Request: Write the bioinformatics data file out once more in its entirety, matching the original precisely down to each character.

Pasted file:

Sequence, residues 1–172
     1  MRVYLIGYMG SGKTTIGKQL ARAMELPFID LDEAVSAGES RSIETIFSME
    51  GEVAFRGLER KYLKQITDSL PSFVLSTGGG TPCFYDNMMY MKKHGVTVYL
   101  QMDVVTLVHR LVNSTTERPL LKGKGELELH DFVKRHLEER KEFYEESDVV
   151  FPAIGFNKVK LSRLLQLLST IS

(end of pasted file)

Sequence, residues 1–172
     1  MRVYLIGYMG SGKTTIGKQL ARAMELPFID LDEAVSAGES RSIETIFSME
    51  GEVAFRGLER KYLKQITDSL PSFVLSTGGG TPCFYDNMMY MKKHGVTVYL
   101  QMDVVTLVHR LVNSTTERPL LKGKGELELH DFVKRHLEER KEFYEESDVV
   151  FPAIGFNKVK LSRLLQLLST IS